Catherine Martin (see above) could potentially collect her sixth Oscar in this category, but its evocation of early Hollywood by way of Hieronymus Bosch is the most impressive thing about “Babylon,” and don’t forget – Academy voters love a twisted look at their own profession.


Best Music (Original Song)

Applause” from “Tell It Like a Woman,” music and lyrics by Dianne Warren
Hold My Hand” from “Top Gun: Maverick,” music and lyrics by Lady Gaga and BloodPop
Lift Me Up” from “Black Panther: Wakanda Forever,” music and lyrics by Tems, Rihanna, Ryan Coogler, and Ludwig Goransson
“Naatu Naatu” from “RRR,” music by M.M. Keeravaani, lyrics by Chandrabose
This Is a Life” from “Everything Everywhere All at Once,” music by Ryan Lott, David Byrne, and Mitski, lyrics by Ryan Lott

Will Win: “Naatu Naatu”

Should Win: “Naatu Naatu”

With musical appearances by awards warhorse Dianne Warren, pop diva Rihanna, and lonesome David Byrne, it’s going to be a musically eclectic night. That said, one listen to “Naatu Naatu” from “RRR” and it’s stuck in your head for days.


Best Music (Original Score)

Volker Bertelmann, “All Quiet on the Western Front
Justin Hurwitz, “Babylon
Carter Burwell, “The Banshees of Inisherin
Son Lux, “Everything Everywhere All at Once
John Williams, “The Fabelmans

Will Win: “Babylon”

Should Win: “Babylon”

It’s nose and nose between “Babylon” and “All Quiet on the Western Front” for this award. Both take period sounds (from around the same period, interestingly) and put them through a mixmaster of creative composition. Justin Hurwitz became an awards magnet with “La La Land,” and his “Babylon” score feels thrillingly original.


Best Sound

Viktor Prášil, Frank Kruse, Markus Stemler, Lars Ginzel, and Stefan Korte, “All Quiet on the Western Front”
Julian Howarth, Gwendolyn Yates Whittle, Dick Bernstein, Christopher Boyes, Gary Summers, and Michael Hedges, “Avatar: The Way of Water”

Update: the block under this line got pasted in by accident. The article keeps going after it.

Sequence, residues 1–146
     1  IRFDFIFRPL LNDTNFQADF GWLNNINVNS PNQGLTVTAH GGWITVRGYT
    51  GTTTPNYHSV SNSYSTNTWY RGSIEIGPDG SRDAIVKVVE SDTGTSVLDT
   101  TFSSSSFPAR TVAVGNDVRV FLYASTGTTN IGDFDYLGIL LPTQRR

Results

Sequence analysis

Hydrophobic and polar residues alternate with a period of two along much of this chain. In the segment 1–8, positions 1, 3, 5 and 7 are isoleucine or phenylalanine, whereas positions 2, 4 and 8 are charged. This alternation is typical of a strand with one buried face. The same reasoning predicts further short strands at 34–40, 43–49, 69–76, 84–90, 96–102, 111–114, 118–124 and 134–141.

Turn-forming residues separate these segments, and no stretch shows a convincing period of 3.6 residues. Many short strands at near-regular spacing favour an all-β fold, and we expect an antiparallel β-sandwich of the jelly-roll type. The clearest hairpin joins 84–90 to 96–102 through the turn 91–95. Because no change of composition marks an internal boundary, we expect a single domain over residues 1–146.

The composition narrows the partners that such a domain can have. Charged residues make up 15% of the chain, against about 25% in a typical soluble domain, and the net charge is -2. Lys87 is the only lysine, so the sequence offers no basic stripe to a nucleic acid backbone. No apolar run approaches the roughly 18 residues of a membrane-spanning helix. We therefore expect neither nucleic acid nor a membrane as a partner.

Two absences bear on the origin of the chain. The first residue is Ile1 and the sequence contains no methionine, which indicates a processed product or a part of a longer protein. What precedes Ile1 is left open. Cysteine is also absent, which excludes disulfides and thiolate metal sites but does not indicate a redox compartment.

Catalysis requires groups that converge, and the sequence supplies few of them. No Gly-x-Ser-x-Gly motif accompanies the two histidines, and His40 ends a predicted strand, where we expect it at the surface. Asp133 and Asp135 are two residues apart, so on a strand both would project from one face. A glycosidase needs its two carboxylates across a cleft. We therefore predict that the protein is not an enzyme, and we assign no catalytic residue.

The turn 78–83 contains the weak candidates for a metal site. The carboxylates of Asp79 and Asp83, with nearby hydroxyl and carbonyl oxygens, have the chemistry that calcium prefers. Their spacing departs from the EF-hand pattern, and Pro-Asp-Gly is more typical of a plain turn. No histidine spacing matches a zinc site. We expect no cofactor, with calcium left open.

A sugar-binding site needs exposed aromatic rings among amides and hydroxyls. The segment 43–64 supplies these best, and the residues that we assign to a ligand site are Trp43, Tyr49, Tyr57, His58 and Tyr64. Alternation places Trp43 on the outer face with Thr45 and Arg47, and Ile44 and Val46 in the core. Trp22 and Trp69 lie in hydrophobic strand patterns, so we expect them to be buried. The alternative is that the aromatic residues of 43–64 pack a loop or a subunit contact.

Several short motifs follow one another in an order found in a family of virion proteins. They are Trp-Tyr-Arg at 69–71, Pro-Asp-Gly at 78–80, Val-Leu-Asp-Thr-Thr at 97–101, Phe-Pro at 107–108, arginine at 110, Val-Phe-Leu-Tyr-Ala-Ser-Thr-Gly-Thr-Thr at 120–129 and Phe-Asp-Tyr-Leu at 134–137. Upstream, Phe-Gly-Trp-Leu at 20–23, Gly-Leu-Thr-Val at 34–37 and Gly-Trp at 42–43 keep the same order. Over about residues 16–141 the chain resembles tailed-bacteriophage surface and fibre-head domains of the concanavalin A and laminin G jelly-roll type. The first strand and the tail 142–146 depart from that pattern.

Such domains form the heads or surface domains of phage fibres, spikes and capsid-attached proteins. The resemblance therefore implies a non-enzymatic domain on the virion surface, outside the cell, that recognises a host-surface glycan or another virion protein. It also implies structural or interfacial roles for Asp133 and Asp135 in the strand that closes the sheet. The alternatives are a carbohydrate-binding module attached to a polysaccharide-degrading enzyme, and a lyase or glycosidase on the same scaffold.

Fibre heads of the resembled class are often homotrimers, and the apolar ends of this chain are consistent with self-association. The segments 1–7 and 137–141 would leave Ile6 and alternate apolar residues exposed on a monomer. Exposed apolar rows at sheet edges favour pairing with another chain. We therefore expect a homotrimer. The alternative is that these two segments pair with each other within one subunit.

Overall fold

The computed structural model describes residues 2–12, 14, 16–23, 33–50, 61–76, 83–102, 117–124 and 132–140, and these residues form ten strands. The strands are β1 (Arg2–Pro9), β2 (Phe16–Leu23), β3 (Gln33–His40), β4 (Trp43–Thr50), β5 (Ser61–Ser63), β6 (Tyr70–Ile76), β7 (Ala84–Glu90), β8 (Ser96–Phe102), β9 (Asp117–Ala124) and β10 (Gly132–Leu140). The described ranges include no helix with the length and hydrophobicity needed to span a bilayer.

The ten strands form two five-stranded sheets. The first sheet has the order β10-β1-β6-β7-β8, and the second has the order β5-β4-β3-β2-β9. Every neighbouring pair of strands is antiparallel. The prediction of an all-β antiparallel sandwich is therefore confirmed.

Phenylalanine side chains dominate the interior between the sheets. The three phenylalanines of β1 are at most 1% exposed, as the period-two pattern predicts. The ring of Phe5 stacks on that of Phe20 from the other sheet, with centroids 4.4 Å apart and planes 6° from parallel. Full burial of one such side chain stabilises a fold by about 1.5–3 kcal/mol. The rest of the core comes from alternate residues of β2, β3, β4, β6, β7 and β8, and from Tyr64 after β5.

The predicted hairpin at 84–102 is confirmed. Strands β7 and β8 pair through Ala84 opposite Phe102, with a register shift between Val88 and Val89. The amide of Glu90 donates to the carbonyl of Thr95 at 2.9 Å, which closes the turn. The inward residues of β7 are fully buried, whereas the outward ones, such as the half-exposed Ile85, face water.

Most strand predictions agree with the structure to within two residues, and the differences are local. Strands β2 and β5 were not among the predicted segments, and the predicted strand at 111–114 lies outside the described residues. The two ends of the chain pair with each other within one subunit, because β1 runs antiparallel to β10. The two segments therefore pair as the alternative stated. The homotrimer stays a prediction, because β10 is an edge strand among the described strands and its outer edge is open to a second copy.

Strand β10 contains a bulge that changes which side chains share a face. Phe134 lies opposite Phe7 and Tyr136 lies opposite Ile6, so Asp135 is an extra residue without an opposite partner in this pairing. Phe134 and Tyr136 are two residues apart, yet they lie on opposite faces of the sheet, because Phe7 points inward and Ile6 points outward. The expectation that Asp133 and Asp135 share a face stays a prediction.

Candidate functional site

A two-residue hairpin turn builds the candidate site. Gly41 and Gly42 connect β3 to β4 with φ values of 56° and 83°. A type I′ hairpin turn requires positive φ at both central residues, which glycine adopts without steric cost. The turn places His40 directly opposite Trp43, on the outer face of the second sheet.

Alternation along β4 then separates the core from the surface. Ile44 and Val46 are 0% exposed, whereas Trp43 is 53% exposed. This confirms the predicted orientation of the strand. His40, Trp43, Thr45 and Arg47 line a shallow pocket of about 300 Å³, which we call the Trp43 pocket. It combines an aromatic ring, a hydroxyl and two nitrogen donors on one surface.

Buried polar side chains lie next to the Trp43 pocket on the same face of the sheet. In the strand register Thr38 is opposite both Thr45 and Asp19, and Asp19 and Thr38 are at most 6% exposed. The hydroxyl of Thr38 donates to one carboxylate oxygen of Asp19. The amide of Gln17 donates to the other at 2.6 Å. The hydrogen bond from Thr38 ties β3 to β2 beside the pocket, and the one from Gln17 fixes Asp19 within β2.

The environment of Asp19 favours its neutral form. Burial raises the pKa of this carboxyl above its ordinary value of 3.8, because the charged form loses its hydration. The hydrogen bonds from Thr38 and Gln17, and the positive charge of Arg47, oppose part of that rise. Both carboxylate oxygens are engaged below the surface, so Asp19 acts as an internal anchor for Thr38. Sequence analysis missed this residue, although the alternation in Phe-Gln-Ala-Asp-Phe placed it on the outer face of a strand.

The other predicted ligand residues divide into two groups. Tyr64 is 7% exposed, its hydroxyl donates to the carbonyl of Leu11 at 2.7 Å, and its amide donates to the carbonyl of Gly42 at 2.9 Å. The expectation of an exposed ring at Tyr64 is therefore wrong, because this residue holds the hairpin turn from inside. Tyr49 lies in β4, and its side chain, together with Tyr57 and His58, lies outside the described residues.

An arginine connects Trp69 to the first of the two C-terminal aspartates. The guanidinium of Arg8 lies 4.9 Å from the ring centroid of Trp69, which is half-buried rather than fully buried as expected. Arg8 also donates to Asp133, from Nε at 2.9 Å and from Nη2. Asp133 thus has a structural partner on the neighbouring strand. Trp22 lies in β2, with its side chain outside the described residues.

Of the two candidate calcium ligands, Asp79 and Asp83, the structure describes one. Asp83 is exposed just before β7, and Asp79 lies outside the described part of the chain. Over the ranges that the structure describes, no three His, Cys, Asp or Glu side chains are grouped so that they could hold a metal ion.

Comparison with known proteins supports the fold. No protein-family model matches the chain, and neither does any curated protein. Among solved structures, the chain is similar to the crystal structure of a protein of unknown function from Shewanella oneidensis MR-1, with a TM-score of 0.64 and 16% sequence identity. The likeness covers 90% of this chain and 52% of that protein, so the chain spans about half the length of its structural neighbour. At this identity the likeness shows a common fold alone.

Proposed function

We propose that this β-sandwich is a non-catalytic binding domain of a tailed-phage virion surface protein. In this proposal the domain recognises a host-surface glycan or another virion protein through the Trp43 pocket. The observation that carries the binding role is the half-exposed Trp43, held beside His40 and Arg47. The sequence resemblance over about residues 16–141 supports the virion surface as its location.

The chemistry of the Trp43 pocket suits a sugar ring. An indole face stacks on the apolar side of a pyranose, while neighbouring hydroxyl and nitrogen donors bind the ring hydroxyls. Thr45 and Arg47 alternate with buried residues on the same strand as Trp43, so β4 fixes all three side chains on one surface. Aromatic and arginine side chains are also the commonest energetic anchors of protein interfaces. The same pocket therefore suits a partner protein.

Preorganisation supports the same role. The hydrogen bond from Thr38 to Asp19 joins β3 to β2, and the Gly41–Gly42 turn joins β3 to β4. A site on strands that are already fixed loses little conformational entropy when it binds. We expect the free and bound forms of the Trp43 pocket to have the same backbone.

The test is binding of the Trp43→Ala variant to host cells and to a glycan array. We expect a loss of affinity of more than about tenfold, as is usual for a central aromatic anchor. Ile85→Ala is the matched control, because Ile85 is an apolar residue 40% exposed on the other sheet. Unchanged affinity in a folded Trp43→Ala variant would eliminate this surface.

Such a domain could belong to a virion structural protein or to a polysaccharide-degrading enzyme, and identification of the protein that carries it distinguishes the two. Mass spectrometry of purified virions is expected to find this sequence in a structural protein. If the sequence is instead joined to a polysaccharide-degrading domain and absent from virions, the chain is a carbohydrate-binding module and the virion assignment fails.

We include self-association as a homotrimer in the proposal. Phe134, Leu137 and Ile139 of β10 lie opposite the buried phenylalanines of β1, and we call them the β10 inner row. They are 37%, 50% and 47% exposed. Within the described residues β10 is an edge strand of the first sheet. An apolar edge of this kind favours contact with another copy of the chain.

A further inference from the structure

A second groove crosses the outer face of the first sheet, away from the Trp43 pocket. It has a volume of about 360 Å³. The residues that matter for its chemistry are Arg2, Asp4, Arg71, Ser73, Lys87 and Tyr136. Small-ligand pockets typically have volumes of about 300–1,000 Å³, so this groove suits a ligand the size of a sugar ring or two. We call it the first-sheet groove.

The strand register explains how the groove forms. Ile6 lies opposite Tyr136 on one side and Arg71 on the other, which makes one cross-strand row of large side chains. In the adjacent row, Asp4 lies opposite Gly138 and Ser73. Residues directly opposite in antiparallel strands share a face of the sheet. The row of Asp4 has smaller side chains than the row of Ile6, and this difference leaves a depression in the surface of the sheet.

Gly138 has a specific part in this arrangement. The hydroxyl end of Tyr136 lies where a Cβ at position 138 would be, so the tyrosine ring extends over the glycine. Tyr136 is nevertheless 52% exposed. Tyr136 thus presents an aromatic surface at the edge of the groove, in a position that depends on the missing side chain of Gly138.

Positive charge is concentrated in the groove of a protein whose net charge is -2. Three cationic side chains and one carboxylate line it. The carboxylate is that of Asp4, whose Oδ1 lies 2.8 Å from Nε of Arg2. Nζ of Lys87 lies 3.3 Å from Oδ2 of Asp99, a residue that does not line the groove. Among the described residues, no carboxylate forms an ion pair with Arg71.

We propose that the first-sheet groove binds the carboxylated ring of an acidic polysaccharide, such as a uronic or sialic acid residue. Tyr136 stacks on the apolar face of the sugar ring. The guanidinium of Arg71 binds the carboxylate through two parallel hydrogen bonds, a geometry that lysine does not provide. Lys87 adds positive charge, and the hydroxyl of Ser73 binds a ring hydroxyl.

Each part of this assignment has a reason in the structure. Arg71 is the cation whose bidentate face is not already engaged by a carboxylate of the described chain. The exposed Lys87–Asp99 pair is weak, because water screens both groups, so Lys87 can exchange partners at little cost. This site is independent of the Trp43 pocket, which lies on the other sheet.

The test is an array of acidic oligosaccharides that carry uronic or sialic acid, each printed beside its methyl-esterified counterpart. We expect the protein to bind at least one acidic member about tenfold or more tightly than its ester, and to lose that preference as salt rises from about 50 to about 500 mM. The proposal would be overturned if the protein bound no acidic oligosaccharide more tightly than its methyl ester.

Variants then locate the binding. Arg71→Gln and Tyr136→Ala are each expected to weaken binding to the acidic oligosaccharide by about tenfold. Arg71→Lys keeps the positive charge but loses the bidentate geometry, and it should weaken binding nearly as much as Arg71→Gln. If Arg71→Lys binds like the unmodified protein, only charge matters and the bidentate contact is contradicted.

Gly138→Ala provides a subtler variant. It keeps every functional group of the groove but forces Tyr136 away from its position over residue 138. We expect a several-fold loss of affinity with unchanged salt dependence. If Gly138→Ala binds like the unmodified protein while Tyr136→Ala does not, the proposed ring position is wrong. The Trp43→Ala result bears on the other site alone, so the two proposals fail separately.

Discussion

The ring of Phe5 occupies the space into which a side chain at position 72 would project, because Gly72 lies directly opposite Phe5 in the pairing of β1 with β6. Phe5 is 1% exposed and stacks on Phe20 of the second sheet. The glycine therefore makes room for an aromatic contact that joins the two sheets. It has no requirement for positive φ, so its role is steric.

Stuart Wilson, William Files, Douglas Murray, and Andy Nelson, “The Batman”
David Lee, Wayne Pashley, Andy Nelson, and Michael Keller, “Elvis”
Mark Weingarten, James H. Mather, Al Nelson, Chris Burdon, and Mark Taylor, “Top Gun: Maverick”

Will Win: “Top Gun: Maverick”

Should Win: “Elvis”

This category generally goes to the movie with the most vroom-vroom and the most boom-boom, and Academy voters may want to throw at least one bone to the movie that saved the box office in 2022. Caveat: If “All Quiet” dominates the technical categories, it may prevail here.


Best Visual Effects

Frank Petzold, Viktor Müller, Markus Frank, and Kamil Jafar, “All Quiet on the Western Front”
Joe Letteri, Richard Baneham, Eric Saindon, and Daniel Barrett, “Avatar: The Way of Water”
Dan Lemmon, Russell Earl, Anders Langlands, and Dominic Tuohy, “The Batman”
Geoffrey Baumann, Craig Hammack, R. Christopher White, and Dan Sudick, “Black Panther: Wakanda Forever”
Ryan Tudhope, Seth Hill, Bryan Litson, and Scott R. Fisher, “Top Gun: Maverick”

Will Win: “Avatar: The Way of Water”

Should Win: “Avatar: The Way of Water”

James Cameron’s redefining of what CGI can do will receive its due. Will a win further legitimize high-frame-rate cinema? Let’s hope not.


Best Animated Short Film

“The Boy, the Mole, the Fox, and the Horse”
“The Flying Sailor”
“Ice Merchants”
“My Year of Dicks”
“An Ostrich Told Me the World Is Fake, and I Think I Believe It”

Will Win: “The Boy, the Mole, the Fox, and the Horse”

Should Win: “Ice Merchants”

As annoyingly precious as it is, “The Boy, the Mole, the Fox, and the Horse” is visually lovely and has won a number of run-up awards, including an Annie for “special production.” If its sentimentality doesn’t sway voters, expect the stunning “Ice Merchants,” which also won an Annie, to win out.


Best Live Action Short Film

“An Irish Goodbye”
“Ivalu”
“Le Pupille”
“Night Ride”
“The Red Suitcase”

Will Win: “An Irish Goodbye”

Should Win: “Le Pupille”

Either win would be fine with me – “An Irish Goodbye” is laugh-out-loud funny in places – but Alice Rohrwacher’s “Le Pupille” has a deadpan subversive playfulness that makes it unique.


Best Documentary Short

“The Elephant Whisperers”
“Haulout”
“How Do You Measure a Year?”
“The Martha Mitchell Effect”
“Stranger at the Gate”

Will Win: “Stranger at the Gate”

Should Win: “Haulout”

The dramatic conversion tale at the heart of “Stranger” provides a ray of hope in a divided country that voters may respond to – if they’re not falling for the adorable animal stars of “The Elephant Whisperers.” “Haulout,” about the effects of climate change on the walrus population of the Arctic, is a simpler, more striking, and more troubling piece of work.


Thoughts? Contrary opinions? Don’t hesitate to weigh in.